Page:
The spectrum of medical and psychologic needs of the cancer survivor is diverse and complex. The authors note that optional management can improve both quality of life and, in some cases, survival.

Online Resources to Combat Obesity, Boost Health

The Centers for Disease Control and Prevention is calling on physicians to take an active role in encouraging obese patients to lose weight. Resources available online include the following:

  • The American Academy of Family Physicians (AAFP) offers patient education handouts online at its consumer Web site, http://familydoctor.org. Handouts are available in English and Spanish on topics such as weight control, diets to lose weight, and exercise programs.

  • The Surgeon General's office has launched a new information clearinghouse to help in the battle against childhood obesity. The clearinghouse is available online at http://shapingamericasyouth.com. More than 1,000 exercise, nutrition, healthy-baby, and other anti-obesity programs are expected to participate in the clearinghouse. The goals are to set up a registry of programs and resources for parents, teachers, physicians, foundations, and government agencies interested in the latest research.

  • The collaborative group, Action for Healthy Kids, has launched its redesigned Web site at http://www.actionforhealthykids.org. The site offers a resource database and fact sheets on nutrition and exercise programs for children and teenagers, and action planning guides. The collaborative, which includes the AAFP as a partner, is working to address the obesity epidemic by promoting sound nutrition and physical activity in U.S. schools.

  • The Children's Aid Society has launched “JumpStart,” an obesity prevention program targeted at preschool-aged children. Information about JumpStart is available online at http://www.childrensaidsociety.org. The program's goal is to establish healthy eating habits and increase physical activity levels in very young children to prevent the later development of obesity and related health problems.

  • The Centers for Disease Control and Prevention has launched “VERB: It's What You Do.” The program aims to promote physical activity through research, media, partnership, and community efforts. VERB partnership efforts address other issues, including the need to ensure access to safe and affordable physical activity opportunities, both free-time and organized. Information about the VERB campaign is available online at http://www.cdc.gov/youthcampaign/.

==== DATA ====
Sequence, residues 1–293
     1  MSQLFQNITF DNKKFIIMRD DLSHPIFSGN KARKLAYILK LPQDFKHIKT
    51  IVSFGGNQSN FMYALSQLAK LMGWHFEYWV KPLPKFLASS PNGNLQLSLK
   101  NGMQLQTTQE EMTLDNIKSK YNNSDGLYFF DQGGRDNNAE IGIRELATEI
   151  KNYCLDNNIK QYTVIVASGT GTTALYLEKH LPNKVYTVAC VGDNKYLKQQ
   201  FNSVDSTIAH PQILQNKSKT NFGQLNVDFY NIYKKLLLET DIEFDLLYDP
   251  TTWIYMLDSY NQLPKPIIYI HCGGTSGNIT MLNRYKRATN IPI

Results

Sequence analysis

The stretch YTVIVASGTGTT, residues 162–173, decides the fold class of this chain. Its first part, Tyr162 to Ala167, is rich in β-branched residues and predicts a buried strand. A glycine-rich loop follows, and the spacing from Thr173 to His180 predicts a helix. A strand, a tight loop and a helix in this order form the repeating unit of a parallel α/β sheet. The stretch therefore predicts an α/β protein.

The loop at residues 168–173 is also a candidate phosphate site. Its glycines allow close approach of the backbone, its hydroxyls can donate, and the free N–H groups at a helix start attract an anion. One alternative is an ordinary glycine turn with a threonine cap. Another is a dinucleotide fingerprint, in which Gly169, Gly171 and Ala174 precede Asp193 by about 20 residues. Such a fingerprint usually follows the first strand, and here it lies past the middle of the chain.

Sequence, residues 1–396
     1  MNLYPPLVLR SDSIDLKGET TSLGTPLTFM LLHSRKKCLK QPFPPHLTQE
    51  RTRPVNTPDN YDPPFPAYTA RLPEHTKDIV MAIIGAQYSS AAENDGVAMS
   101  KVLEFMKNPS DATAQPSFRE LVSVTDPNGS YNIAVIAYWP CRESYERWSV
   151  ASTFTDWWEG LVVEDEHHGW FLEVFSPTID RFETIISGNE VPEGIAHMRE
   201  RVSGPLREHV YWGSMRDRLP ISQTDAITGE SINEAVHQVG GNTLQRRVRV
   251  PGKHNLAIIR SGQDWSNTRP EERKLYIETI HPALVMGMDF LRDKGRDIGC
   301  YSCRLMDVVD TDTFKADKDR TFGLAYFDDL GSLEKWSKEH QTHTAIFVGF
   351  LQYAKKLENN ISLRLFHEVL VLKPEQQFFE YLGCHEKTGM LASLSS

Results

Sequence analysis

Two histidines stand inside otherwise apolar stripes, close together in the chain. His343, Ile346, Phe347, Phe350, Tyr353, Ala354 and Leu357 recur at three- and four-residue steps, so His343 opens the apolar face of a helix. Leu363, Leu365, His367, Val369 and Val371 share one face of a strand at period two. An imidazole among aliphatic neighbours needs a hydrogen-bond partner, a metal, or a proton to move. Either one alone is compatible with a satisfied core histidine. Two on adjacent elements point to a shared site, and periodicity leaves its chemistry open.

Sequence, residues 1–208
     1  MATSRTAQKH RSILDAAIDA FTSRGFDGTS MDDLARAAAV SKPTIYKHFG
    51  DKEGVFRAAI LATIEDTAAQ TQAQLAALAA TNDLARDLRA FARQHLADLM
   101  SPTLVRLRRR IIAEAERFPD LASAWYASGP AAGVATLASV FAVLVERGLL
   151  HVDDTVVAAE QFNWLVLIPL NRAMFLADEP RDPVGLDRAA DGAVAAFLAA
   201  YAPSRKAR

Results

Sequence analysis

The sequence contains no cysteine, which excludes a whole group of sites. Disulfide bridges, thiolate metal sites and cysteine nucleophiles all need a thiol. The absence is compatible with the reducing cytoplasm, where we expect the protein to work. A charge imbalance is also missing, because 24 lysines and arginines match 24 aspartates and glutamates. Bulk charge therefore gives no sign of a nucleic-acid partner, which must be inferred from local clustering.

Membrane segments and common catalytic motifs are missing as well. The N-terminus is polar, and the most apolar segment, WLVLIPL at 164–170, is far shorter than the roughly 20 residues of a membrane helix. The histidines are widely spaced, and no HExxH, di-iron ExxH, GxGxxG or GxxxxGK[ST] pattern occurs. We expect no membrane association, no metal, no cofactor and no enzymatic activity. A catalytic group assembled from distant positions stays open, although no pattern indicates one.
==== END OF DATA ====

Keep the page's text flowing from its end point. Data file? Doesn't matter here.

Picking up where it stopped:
Vaginal Birth After Cesarean Delivery

The risk of uterine rupture from vaginal birth after cesarean delivery is relatively low, according to findings from the Agency for Healthcare Research and Quality (AHRQ). “Vaginal Birth After Cesarean” is available online at http://www.ahrq.gov/clinic/epcsums/vbacsum.htm.

Nearly 23 percent of births in the United States in 2000 occurred by cesarean delivery; this is the highest rate reported since data collection began in 1989. The rate of vaginal deliveries in women with previous cesarean deliveries decreased 27 percent from 1996 to 2000.

A meta-analysis by the AHRQ found that rates of vaginal delivery in women with a previous cesarean delivery who attempt a trial of labor range from 60 to 82 percent. Although data on the effects of labor induction and augmentation are limited, oxytocin use is associated with a 10 percent reduction in the likelihood of vaginal delivery.

A randomized controlled trial showed that radiographic pelvimetry is not able to reliably predict the route of delivery. Imaging studies that combine measurements of the pelvis and fetus show promising results but are limited by their failure to control for confounding factors.

Maternal mortality rates do not differ between women who attempt labor and women who choose to undergo a repeat cesarean delivery, and evidence suggests that hysterectomy rates also do not differ between the groups. Infection rates are higher in women who have cesarean deliveries; evidence is inconsistent about the effects of labor induction on infection rates. The risk of perinatal death in infants of women attempting labor is unclear, and there is insufficient evidence to make conclusions about the effect of route of delivery on Apgar score and respiratory comorbidity.